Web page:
American Gothic Literature

A Thematic Study from Mary Rowlandson to Colson Whitehead

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About the Book

American Gothic literature inherited many time-worn tropes from its English Gothic precursor, along with a core preoccupation: anxiety about power and property. Yet the transatlantic journey left its mark on the genre—the English ghostly setting becomes the wilderness haunted by spectral Indians. The aristocratic villain is replaced by the striving, independent young man. The dispossession of Native Americans and African Americans add urgency to traditional Gothic anxieties about possession.
The unchanging role of woman in early Gothic narratives parallels the status of American women, even after the Revolution. Twentieth century Gothic works offer inclusion to previously silent voices, including immigrant writers with their own cultural traditions. The 21st century unleashes the zombie horde—the latest incarnation of the voracious American.

About the Author(s)

Ruth Bienstock Anolik teaches at Villanova University and writes extensively on the Gothic mode. Her articles have been published in Modern Language Studies, Studies in Jewish Literature,, and other journals and collections.

Bibliographic Details

Ruth Bienstock Anolik
Format: softcover (6 x 9)
Pages:
Bibliographic Info: notes, bibliography, index
Copyright Date: 2018
pISBN: 978-0-7864-9851-2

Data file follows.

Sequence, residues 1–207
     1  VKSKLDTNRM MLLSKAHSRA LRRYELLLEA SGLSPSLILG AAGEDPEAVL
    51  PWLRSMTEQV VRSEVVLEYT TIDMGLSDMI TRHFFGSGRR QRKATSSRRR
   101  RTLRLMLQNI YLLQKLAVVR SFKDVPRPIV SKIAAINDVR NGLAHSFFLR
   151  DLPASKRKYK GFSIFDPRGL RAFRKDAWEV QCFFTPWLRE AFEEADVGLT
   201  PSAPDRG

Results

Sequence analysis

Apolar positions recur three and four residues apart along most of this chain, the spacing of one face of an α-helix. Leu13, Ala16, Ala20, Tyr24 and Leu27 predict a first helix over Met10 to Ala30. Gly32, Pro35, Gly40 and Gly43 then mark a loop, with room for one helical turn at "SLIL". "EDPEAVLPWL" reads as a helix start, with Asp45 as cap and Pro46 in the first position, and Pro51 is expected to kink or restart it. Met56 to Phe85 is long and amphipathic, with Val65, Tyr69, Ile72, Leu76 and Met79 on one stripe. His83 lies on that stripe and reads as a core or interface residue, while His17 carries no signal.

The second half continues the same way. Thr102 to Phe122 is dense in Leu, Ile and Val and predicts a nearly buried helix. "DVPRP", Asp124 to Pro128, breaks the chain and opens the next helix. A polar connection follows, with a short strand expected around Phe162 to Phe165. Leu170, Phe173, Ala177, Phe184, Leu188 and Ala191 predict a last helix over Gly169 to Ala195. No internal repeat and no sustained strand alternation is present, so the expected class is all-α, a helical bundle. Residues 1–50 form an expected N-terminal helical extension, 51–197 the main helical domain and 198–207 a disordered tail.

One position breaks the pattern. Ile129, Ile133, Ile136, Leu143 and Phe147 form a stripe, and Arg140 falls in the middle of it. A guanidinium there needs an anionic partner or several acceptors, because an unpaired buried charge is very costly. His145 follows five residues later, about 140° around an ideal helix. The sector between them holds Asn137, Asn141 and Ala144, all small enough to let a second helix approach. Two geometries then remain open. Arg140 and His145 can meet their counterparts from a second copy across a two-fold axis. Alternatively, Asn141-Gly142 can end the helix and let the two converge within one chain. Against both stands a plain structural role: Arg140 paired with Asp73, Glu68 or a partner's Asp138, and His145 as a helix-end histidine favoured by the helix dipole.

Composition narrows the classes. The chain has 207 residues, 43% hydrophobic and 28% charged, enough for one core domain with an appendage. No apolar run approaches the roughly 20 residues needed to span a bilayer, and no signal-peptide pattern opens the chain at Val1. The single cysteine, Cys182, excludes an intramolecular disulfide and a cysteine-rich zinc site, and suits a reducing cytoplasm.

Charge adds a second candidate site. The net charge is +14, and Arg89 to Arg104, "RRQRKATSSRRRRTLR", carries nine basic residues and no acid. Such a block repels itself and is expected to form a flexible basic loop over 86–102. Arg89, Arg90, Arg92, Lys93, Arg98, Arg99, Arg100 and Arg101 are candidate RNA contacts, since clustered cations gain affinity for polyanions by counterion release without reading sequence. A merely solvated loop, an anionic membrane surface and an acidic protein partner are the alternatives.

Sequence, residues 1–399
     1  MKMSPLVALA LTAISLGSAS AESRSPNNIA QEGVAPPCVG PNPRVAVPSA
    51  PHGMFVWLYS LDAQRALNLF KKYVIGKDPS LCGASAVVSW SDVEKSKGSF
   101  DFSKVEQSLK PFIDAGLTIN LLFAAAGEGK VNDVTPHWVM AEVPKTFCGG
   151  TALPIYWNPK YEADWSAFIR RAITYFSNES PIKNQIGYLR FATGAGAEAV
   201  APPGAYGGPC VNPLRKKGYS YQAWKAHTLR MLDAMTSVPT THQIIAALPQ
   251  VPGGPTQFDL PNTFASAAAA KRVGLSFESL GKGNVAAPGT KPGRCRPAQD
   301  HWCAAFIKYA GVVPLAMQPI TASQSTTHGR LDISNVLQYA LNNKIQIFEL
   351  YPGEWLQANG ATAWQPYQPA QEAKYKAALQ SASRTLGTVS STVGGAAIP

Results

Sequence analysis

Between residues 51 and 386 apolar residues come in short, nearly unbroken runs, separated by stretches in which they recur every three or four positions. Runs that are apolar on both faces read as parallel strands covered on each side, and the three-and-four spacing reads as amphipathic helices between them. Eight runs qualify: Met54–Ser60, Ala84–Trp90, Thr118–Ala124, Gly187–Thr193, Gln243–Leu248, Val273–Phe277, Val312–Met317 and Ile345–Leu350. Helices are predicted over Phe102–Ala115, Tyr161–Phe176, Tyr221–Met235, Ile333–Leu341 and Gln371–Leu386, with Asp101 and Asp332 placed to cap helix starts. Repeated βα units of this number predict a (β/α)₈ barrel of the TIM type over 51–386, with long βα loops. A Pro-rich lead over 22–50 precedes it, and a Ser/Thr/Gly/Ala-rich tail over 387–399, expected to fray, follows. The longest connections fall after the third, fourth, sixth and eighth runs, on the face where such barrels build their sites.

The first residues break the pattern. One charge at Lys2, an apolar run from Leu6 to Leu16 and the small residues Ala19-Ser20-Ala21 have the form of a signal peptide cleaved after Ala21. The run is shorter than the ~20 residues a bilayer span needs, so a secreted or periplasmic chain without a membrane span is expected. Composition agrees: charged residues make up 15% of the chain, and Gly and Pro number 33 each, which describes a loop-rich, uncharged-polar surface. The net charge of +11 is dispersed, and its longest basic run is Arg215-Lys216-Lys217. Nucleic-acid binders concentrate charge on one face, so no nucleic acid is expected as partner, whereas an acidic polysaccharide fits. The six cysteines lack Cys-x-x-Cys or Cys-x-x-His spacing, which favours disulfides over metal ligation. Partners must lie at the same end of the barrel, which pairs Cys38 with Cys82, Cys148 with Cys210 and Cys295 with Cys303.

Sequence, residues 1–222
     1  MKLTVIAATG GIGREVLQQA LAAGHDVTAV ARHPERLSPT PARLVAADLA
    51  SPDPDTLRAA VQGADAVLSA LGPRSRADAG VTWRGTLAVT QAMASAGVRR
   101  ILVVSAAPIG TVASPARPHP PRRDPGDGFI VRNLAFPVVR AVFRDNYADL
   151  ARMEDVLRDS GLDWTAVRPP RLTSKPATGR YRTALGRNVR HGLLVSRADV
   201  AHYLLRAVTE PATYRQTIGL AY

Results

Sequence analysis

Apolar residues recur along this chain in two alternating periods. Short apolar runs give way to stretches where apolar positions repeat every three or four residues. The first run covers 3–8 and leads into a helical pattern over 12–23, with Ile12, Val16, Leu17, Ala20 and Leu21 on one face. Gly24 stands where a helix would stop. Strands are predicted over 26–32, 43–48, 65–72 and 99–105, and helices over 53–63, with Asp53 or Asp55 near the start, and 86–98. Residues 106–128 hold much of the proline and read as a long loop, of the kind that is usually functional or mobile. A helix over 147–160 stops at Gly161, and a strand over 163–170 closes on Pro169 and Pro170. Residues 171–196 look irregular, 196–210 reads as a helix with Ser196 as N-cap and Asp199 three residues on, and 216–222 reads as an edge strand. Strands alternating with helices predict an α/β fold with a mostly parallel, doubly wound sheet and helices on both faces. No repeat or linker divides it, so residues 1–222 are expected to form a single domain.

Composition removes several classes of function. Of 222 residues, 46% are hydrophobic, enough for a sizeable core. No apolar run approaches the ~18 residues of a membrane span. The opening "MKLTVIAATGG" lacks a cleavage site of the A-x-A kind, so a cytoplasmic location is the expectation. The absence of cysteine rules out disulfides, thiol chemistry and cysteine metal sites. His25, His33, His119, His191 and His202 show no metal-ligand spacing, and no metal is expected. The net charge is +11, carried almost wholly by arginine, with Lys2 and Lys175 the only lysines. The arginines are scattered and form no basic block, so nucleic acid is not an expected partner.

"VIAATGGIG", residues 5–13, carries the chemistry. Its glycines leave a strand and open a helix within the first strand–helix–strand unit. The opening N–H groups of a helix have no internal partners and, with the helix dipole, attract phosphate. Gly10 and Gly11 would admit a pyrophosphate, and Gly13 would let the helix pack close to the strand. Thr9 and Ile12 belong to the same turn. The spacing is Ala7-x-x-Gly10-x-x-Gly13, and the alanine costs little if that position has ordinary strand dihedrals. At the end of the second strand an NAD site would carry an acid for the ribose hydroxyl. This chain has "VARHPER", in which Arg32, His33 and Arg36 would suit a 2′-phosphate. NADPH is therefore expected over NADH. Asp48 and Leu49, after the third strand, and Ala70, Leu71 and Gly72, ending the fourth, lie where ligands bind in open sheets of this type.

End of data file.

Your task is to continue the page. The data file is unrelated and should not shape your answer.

eISBN: 978-1-4766-3340-4
Imprint: McFarland

Table of Contents

Acknowledgments vi
Introduction: Power and Possession in American Gothic Literature 1
Part I. Possessed and Dispossessed
1. The American Woman: Still Possessed 18
2. A New Possession: Slavery and Beyond 34
3. Return of the Dead: The Rebirth of the Dispossessed Native American 55
Part II. Possessing and Dispossessed
4. Dispossessed Possessor: The Displaced Patriarch 78
5. Masterless: The Anxieties of Freedom 104
6. Return of the Master: The New Patriarch 143
Part III. Gothic Conversations:
Transgressing the Boundaries of American
Cultures; Crossing the Atlantic
7. Textual (Dis)Possessions: Hannah Crafts a Textual Labyrinth 178
8. Intertextual Voices in Gloria Naylor’s Mama Day: Shakespeare, the Bible and the Dispossession of the Reader 221
9. Among Women: Convergences and Divergences in Gothic Space 234
Conclusion: Toward a Fourth Century of American Gothic 271
Chapter Notes 281
Works Cited 294
Index 303